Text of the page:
February 18th, 2014
I welcome the Minister to the House. I thank Senator Zappone for taking the initiative on this debate. Instead of focusing on a single definition of homophobia, we need to acknowledge that homophobia presents itself in a wide spectrum, ranging from violent hate crimes to far more subtle forms of discrimination.
I, too, commend Panti’s address at the Abbey Theatre on 1 February, and my colleague, Senator Mac Conghail, on using our national theatre in the way it was so rightly used for a noble call. She articulated so succinctly the impact of subtle discrimination and homophobia on a person’s psychic and mental well-being, causing them, in her words, to check themselves at the pedestrian crossing. The number of views, and the number of languages in which that video has gone around the world, shows the power that words can have.
It is very important, however, that we do not have debates about important social issues in isolation from each other. Social issues are invariably interrelated – homophobia, self-harm, suicide and suicidal ideation – and, tomorrow, we will have a debate on mental health and well-being. This is particularly true for young people and, in this context, LGBT youths. A report in 2008 was published jointly by BeLonG To, GLEN and the HSE, called Supporting LGBT Lives. That report found that 50% of LGBT youths have thought about suicide and 20% attempted suicide. LGBT young people are seven times more likely than their heterosexual counterparts to experience mental health distress. It has also been established that young people identify their sexuality at age 12, on average, and the average age of coming out is 17. This five year period in which young people come to terms with their sexuality is vital. Living in a society where anti-gay bias exists can lead to many difficulties in this critical adolescent period.
All this demonstrates the extent to which homophobia presents in society and impacts on the individual. The survey found that 80% of LGBT people have been verbally abused because of their identity. This is simply unacceptable. LGBT people must be treated as equal citizens and we must actively work to eradicate homophobia and any type of discrimination from our society. I believe we live in a society that is obsessed by labels. We need to celebrate difference, and this can only be done through robust, open and constructive debate. I was involved in a campaign a few years ago for which the slogan was: “We need to keep labels for jars, not people”.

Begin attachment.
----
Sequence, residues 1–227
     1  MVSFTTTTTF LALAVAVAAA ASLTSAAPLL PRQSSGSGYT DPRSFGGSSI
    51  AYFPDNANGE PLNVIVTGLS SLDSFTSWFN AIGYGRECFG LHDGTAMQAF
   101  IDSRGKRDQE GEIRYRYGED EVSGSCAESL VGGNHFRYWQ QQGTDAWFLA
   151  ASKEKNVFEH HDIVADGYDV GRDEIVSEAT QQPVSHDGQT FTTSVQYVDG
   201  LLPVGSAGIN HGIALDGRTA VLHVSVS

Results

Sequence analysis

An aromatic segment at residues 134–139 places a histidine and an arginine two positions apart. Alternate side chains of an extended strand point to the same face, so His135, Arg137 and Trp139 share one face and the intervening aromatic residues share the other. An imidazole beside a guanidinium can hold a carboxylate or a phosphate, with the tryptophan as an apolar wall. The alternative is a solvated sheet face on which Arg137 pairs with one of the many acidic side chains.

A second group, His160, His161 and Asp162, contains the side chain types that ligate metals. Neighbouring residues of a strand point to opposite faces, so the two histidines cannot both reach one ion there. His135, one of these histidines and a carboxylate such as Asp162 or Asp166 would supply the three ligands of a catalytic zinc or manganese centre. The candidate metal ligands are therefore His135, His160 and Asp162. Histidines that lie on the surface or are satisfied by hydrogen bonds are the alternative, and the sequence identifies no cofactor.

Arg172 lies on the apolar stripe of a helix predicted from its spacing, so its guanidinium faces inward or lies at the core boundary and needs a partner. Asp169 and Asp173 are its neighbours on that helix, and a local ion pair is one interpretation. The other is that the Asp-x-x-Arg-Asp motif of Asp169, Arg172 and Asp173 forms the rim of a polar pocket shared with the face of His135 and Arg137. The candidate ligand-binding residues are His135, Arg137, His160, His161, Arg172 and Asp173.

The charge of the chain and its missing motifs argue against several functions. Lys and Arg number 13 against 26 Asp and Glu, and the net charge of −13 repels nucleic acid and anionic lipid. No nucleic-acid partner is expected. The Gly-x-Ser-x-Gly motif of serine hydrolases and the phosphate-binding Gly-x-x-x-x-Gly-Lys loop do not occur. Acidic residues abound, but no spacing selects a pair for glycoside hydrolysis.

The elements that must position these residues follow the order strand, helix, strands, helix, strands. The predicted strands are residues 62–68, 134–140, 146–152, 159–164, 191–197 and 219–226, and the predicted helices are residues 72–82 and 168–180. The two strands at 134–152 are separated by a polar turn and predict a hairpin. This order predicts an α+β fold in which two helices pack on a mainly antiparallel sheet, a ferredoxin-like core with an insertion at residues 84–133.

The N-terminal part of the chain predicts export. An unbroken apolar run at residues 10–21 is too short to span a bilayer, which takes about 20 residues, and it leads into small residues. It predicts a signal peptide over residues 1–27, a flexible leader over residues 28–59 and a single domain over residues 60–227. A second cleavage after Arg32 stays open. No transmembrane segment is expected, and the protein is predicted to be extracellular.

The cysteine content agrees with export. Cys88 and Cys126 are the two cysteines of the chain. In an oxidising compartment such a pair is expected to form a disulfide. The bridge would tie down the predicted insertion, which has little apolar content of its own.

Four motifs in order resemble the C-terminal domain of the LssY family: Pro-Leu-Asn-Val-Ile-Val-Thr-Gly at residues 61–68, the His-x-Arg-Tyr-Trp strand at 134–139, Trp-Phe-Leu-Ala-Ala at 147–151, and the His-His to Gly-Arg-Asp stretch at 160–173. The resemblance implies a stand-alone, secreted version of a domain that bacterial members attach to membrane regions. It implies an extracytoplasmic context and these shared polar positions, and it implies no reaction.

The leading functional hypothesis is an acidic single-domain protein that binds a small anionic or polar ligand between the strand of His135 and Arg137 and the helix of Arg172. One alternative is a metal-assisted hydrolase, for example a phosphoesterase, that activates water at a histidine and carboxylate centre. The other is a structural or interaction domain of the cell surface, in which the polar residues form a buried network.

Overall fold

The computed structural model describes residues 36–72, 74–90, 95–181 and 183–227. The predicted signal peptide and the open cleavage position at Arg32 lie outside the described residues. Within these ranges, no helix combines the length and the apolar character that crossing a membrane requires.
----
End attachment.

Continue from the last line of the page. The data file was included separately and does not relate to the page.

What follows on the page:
I, like many of my colleagues, am concerned by the speed and, indeed, indecent haste with which RTE responded to Rory O’Neill’s comments on “The Saturday Night Show”. The decision to issue compensation, an apology and a right to reply to some of those perceived to have been injured may well have been disproportionate in the absence of a legal finding of harm done, especially given that compensation was paid out of taxpayers’ money. I am also uncomfortable about the absence of commentary around the fact the presenter of the show in question prompted Rory O’Neill to identify individuals by name. I think RTE’s decision is worrying on a number of levels. I feel it has negative implications for freedom of expression and also the manner in which debates around marriage equality will be conducted in the future. We all need to accept that robust and sometimes volatile discussion will take place around sensitive issues, and we should embrace this, not censor it.
It is evident, in the aftermath of the comments debacle, that people on panels were tripping over themselves trying not to say the wrong thing. That does not bode well for healthy and open debate. The upcoming referendum on marriage equality will see many different views. We need to ensure freedom of expression remains intact at all times. We need to send a message to young people that discrimination will not be tolerated. Homophobia does exist. There are real consequences for the targets of this abuse.
It is of the utmost importance that our national broadcaster ensures open and fair debate where both sides can communicate their argument in a fair and sensible manner.